This family descends from a younger son of the house of AIRLIE.
SIR WALTER OGILVY, knight, of Auchleven,
second son of the Treasurer of Scotland, Ogilvie, by Isabel Durward, heir of Lintrathen, who married Margaret, only daughter and heir of Sir John Sinclair, of Deskford and Findlater, and thereby acquired those estates.Sir Walter obtained permission from the crown, in 1455, to fortify his castle at Findlater, and to make it a place of strength. He died in 1473, and was succeeded by his eldest son,
SIR JAMES OGILVY, knight, of Deskford and Findlater, who wedded Margaret, eldest daughter of Sir Robert Innes, of Innes, and was succeeded in 1510 by his grandson,
ALEXANDER OGILVY, (son of Sir James Ogilvy, who died in 1505-6, by Agnes, natural daughter of George, 2nd Earl of Huntley,) who obtained a charter, in 1511, for incorporating the lands of Deskford, Findlater, and Keithmore, into one entire barony, to be designated by the name of Ogilvy.
He married Janet, second daughter of James Abernethy, 3rd Lord Saltoun, and had a son, JAMES, whom he disinherited, settling estates upon John Gordon, 2nd son of George, 4th Earl of Huntley; but after a feud and some bloodshed between the Gordons and Ogilvys, the baronies of Deskford and Findlater were restored by an arbitration, of which Queen MARY was overs-woman.The rightful heir,
JAMES OGILVY, of Cardell, who was succeeded by his grandson,
SIR WALTER OGILVY, knight, who was elevated to the peerage, in 1616, by the title of Lord Ogilvy of Deskford.
His lordship wedded firstly, Agnes, eldest daughter of Robert, 3rd Lord Elphinstone, by whom he had a daughter,
Christian, married to Sir John Forbes of Pitsligo.He espoused secondly, Lady Mary Douglas, 3rd daughter of William, Earl of Morton, and had by that lady,
JAMES, 2nd Lord, who was created, in 1638, Earl of Findlater. His lordship married Lady Elizabeth, daughter of Andrew, 5th Earl of Rothes, by whom he had two daughters,
ELIZABETH, wedded to Sir Patrick Ogilvy, of Inchmartin;He married secondly, Lady Marion, daughter of William Cunningham, 8th Earl of Glencairn, but by her he had no child.
Anne, married to William, 9th Earl of Glencairn, LORD CHANCELLOR OF SCOTLAND.
Lord Findlater thus having no male issue, procured a renewed patent, dated 1641, conferring the titles of Earl and Countess of Findlater upon his son-in-law, Sir Patrick Ogilvy, and that gentleman's wife, Lady Elizabeth Ogilvy, his lordship's elder daughter.At his decease the peerage so devolved upon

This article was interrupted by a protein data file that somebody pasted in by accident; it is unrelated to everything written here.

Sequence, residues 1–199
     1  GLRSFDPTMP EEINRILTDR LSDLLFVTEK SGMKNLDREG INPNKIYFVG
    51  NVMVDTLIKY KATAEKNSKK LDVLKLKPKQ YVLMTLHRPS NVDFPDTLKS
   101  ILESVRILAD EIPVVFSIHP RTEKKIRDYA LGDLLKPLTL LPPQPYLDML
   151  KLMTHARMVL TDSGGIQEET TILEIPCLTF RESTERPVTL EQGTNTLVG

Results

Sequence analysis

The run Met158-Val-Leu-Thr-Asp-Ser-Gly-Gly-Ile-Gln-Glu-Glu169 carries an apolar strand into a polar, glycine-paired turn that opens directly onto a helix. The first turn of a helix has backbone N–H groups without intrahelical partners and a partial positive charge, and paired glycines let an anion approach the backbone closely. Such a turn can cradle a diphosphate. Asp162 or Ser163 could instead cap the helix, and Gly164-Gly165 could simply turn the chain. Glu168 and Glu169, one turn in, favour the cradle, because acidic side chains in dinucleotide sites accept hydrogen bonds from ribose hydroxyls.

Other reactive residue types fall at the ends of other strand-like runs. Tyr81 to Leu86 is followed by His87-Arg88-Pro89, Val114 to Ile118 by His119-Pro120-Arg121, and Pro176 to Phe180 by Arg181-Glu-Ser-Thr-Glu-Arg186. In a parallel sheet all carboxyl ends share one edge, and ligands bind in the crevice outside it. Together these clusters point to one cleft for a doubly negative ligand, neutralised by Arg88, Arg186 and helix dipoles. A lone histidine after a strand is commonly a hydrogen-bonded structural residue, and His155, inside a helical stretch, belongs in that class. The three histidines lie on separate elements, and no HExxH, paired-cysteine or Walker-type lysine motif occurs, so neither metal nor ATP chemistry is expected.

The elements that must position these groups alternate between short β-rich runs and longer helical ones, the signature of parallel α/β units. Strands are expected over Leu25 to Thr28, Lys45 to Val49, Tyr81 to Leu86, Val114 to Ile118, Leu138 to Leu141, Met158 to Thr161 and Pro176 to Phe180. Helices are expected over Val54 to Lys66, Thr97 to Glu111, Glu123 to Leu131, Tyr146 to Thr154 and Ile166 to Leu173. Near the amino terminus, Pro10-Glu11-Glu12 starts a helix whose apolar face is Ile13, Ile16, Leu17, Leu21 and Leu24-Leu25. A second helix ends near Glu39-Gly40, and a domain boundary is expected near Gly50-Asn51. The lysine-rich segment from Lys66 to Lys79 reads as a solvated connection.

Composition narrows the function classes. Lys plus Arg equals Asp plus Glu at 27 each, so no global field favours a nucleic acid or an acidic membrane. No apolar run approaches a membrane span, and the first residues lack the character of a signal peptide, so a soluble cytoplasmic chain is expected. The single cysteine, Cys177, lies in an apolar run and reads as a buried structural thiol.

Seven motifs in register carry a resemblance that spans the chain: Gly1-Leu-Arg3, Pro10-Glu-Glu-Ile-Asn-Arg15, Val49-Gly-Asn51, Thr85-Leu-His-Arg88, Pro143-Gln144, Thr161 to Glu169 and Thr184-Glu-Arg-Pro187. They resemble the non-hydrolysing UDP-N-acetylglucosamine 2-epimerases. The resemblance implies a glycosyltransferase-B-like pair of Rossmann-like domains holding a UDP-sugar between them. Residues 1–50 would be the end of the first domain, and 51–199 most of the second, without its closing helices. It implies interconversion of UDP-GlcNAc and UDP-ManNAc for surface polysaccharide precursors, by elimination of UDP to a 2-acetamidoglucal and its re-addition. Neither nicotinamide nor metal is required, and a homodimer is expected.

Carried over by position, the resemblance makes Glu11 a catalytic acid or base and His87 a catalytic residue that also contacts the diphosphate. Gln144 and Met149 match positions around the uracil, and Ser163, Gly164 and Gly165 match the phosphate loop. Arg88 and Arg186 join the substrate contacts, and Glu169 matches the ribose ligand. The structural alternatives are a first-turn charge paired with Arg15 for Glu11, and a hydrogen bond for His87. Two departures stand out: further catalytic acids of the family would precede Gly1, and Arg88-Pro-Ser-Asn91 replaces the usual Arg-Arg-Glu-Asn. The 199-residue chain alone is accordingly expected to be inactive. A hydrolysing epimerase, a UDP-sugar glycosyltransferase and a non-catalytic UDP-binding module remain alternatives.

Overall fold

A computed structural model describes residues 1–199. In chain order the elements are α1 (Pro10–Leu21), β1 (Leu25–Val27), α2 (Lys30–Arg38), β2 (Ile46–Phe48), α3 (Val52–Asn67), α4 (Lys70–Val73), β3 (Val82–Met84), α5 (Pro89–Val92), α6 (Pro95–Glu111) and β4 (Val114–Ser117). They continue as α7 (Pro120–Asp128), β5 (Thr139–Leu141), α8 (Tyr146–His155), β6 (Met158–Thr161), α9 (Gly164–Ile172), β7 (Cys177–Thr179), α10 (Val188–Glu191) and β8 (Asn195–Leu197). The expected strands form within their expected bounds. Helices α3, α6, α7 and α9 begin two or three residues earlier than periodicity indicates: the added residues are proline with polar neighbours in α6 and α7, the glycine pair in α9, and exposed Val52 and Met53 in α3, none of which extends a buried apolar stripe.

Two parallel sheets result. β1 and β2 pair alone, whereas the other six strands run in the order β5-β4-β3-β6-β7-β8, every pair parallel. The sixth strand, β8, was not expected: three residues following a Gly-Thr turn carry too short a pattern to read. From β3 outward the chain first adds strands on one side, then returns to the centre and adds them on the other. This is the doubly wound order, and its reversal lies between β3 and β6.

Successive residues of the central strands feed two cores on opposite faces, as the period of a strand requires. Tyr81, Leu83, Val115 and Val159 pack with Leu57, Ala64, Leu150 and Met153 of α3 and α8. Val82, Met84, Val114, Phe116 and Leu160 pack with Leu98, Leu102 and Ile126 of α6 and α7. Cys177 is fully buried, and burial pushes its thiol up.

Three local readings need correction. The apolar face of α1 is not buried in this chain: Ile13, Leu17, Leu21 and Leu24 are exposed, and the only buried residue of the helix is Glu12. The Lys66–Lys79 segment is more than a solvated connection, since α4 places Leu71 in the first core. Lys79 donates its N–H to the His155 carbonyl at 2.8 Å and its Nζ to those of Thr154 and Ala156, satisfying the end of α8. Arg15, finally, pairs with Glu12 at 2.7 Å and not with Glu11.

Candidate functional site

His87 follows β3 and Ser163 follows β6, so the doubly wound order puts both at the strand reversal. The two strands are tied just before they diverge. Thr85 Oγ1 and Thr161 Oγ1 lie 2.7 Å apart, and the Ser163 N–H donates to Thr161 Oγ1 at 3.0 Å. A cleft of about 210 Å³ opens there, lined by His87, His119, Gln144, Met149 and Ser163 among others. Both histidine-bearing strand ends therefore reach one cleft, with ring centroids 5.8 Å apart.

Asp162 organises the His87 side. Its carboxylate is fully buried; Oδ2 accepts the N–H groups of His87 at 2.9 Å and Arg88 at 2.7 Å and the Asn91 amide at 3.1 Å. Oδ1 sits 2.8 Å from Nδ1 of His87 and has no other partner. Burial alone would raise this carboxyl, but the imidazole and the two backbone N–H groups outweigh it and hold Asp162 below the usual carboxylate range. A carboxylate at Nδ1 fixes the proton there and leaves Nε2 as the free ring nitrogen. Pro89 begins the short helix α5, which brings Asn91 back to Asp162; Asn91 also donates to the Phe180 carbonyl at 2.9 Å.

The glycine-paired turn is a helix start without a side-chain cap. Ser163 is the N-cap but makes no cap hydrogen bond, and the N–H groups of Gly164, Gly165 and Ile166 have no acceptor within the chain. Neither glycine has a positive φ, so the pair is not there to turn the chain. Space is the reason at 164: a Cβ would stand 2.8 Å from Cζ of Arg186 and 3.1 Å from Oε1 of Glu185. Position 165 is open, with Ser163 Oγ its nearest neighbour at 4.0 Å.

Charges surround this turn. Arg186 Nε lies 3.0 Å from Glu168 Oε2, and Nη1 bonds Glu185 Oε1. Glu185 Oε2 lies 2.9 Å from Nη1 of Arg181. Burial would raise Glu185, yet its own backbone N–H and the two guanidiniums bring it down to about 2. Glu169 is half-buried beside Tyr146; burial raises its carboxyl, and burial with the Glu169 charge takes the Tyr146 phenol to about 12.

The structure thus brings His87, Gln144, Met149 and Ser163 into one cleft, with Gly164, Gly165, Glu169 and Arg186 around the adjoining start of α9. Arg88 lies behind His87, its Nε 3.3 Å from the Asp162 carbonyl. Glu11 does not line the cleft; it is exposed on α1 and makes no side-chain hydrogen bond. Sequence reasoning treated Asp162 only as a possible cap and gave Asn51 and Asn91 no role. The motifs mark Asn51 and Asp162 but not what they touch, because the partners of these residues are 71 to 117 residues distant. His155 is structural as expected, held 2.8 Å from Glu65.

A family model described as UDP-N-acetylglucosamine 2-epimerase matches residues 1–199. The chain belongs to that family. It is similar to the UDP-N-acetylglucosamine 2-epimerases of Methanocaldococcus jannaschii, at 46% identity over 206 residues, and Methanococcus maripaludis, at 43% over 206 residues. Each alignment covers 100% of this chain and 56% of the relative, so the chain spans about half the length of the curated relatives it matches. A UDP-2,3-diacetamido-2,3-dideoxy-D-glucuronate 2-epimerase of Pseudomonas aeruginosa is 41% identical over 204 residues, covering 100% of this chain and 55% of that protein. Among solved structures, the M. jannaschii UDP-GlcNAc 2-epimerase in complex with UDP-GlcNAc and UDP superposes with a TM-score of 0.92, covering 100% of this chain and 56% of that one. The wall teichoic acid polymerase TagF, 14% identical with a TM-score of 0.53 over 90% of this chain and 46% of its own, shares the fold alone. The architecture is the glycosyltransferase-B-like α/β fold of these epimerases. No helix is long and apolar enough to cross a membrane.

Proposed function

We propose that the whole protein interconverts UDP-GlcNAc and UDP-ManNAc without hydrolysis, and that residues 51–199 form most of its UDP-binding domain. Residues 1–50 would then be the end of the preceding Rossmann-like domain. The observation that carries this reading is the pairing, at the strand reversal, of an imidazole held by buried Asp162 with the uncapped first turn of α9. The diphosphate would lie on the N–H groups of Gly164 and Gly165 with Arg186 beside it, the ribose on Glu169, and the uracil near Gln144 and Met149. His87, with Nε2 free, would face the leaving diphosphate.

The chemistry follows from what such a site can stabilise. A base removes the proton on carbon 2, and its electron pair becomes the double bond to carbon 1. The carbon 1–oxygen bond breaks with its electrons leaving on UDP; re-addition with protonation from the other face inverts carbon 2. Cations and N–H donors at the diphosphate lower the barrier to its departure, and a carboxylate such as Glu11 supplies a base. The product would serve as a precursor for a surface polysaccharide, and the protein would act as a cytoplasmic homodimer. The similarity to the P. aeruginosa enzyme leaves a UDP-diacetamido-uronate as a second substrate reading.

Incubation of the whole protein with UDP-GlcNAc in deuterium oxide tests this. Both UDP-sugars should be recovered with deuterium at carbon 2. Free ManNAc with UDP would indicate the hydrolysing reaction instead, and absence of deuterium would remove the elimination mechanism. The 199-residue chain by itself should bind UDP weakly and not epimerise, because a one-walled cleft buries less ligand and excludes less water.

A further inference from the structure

SIR PATRICK OGILVY AND HIS LADY, as Earl and Countess of Findlater. His lordship died in 1658, and was succeeded by his son,
JAMES, 3rd Earl, whose eldest surviving son,
JAMES, 4th Earl, a lawyer of great eminence at the Scottish bar, who filled successively the offices of Solicitor-General and Secretary of State for Scotland; Lord Chief Baron of the Exchequer; and High Commisssioner to the General Assembly of the church.
His lordship had been elevated to the peerage before the decease of his father, in 1698, by the title of Viscount Seafield; and, in 1701, Viscount Reidhaven and EARL OF SEAFIELD.
- James Ogilvy, 4th Earl of Findlater, 1st Earl of Seafield (1663–1730)
- James Ogilvy, 5th Earl of Findlater, 2nd Earl of Seafield (died 1764)
- James Ogilvy, 6th Earl of Findlater, 3rd Earl of Seafield (died 1770)
- James Ogilvy, 7th Earl of Findlater, 4th Earl of Seafield (1750–1811) (earldom of Findlater extinct)
Earls of Seafield (1701)
The heir apparent is the present holder's son James Andrew Studley, Viscount Reidhaven (b 1963). He became a Muslim in 1990.
- Lewis Alexander Grant-Ogilvy, 5th Earl (1767–1840)
- Francis William Ogilvy-Grant, 6th Earl (1778–1853)
- John Charles Ogilvy-Grant, 7th Earl (1815–81)
- Ian Charles Ogilvy-Grant, 8th Earl (1851–84)
- James Ogilvy-Grant, 9th Earl (1817–88)
- Francis William Ogilvy-Grant, 10th Earl (1847–88)
- James Ogilvie-Grant, 11th Earl (1876–1915)
- Nina Caroline Studley-Herbert, 12th Countess (1906–69)
- Ian Derek Francis Ogilvie-Grant, 13th Earl (born 1939)
CULLEN HOUSE, Buckie, Moray, was the ancestral seat of the Earls of Seafield.
The main part of the house dates from 1543. An east wing was added in 1711, and there were alterations by David Bryce in 1858.
The House and estate buildings were converted into fourteen dwellings in 1983.
Prior to the use of Cullen House by the Earls of Seafield, the castle of Findlater, now a ruin, on a rocky coastal outcrop about two miles to the east, was the seat.
Several hundred yards from Cullen House, on the site of the old village, stands Old Cullen, a dower house, Georgian in design. Formerly the Factor's house, it is now the residence of Lord and Lady Seafield.
The Earls of Seafield owned a further 160,224 acres of land in Inverness-shire, and 48,936 acres in Banffshire.
Seafield arms courtesy of European Heraldry.